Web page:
“Of course the paparazzi want to get the right photo, they want to get the right story, but public safety must always be at the forefront,” Adams said.
In a statement obtained by News on Thursday, the photo agency Backgrid USA said it was taking the allegations by the Duke and Duchess of Sussex “seriously” and would conduct an investigation. However, they also backed down, saying that photographers on the scene had reported “the feeling that the couple were in no immediate danger at any time.”
The agency stressed its commitment to transparent journalism, including the need to provide “fair and objective responses to complaints.”
“We want to clarify that we have received photos and videos of last night’s events from four freelance photographers, three of whom were driving and one was riding a bicycle. It is important to note that these photographers have a professional responsibility to cover newsworthy events and personalities, including public figures such as Prince Harry and Meghan Markle,” the statement outlines.
“According to the accounts given by these freelance contributors, they were covering the couple’s stay in New York City, including the possibility of a dinner after an awards show. They had no intention of causing any distress or harm, as their “The only tool was their cameras. Some of the photos even show Meghan Markle smiling inside a taxi,” the statement continued.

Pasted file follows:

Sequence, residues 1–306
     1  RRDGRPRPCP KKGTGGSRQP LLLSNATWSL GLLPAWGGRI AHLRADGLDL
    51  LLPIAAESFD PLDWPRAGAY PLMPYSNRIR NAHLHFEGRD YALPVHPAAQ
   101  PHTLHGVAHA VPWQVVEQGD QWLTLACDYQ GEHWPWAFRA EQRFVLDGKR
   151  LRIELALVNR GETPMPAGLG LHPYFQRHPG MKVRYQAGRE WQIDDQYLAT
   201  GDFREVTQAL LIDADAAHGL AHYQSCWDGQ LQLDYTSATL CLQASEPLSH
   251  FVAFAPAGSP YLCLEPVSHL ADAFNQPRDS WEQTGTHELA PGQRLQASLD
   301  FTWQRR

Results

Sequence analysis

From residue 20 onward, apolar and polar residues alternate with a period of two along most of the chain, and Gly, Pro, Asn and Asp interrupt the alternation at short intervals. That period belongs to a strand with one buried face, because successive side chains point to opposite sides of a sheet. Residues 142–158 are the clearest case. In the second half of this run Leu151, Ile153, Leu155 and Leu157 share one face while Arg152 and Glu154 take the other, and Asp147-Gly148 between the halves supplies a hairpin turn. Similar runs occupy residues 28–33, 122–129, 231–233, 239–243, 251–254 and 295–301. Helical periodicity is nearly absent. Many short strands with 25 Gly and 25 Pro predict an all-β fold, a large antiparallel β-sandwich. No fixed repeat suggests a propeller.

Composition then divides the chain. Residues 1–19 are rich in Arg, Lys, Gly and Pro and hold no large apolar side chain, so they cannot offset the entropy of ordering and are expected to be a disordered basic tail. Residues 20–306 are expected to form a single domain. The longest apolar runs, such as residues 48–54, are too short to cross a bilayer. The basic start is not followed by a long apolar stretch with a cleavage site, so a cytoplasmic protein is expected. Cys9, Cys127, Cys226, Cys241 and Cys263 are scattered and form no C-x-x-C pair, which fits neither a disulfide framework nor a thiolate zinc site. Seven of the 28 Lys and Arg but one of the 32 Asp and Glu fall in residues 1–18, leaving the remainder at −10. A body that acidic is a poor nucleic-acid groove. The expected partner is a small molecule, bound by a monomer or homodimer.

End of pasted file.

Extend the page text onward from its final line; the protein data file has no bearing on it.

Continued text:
Backgrid’s statement also counterclaims that one of the four jeeps in the royal convoy “drove in a manner that could be perceived as reckless” and rejects the allegation that the incident could have resulted in a fatal disaster.
From all this, it is clear that something happened on Tuesday night, although perceptions differ.
In fairness to the Duke and Duchess of Sussex, they have never claimed that a “high speed” chase took place. Conversations with a member of their entourage have also made it clear that they felt that they had adhered to the speed limits, that the couple never felt threatened but the lives of others did.
News made the decision, like many other news outlets, not to publish the photos taken after the couple left the engagement at the Ziegfeld Ballroom. However, those images appear to show Prince Harry documenting the moment with his phone, so it’s possible that in the future we’ll learn more about exactly what transpired from his perspective.
It is well known that Harry blames the tabloids for his mother’s untimely death. He has already recounted on other occasions that each camera flash takes him “directly” to one of the worst moments in his life. He has been very steadfast in his commitment to ensuring that history does not repeat itself with his wife and has not been shy about holding the media to account through legal action for what he considers particularly invasive methods.
It is likely that you have thought about all of this during this evening episode. Even the most staunch critics could understand the kind of traumatic resonance that may have surfaced for Harry in this situation.
Another notable element is the silence of his family. Both Buckingham Palace, where the king resides, and Kensington Palace, where the Prince of Wales is based, declined to comment on the story. We know that the Duke and Duchess of Sussex did not hear from the royal family after the story broke, as would be expected under normal family circumstances. But, given the estrangement between the two parties, there was likely to have been a broader decision that the house simply cannot respond to or engage with the headlines that surround Prince Harry and Meghan every time they have a tangle with the press.
— John Miller, Kristina Sgueglia, Zenebou Sylla, Paradise Afshar, Sugam Pokharel, Jessie Gretener and Sammy Mncwabe contributed reporting.